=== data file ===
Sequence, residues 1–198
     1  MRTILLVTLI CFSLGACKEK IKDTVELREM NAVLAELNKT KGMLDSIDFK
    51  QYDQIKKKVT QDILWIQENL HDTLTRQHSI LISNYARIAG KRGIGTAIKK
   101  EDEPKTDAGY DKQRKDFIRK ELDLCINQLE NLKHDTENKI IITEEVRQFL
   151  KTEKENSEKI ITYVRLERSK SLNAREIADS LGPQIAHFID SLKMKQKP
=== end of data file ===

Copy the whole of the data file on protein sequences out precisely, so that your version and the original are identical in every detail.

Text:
Sequence, residues 1–198
     1  MRTILLVTLI CFSLGACKEK IKDTVELREM NAVLAELNKT KGMLDSIDFK
    51  QYDQIKKKVT QDILWIQENL HDTLTRQHSI LISNYARIAG KRGIGTAIKK
   101  EDEPKTDAGY DKQRKDFIRK ELDLCINQLE NLKHDTENKI IITEEVRQFL
   151  KTEKENSEKI ITYVRLERSK SLNAREIADS LGPQIAHFID SLKMKQKP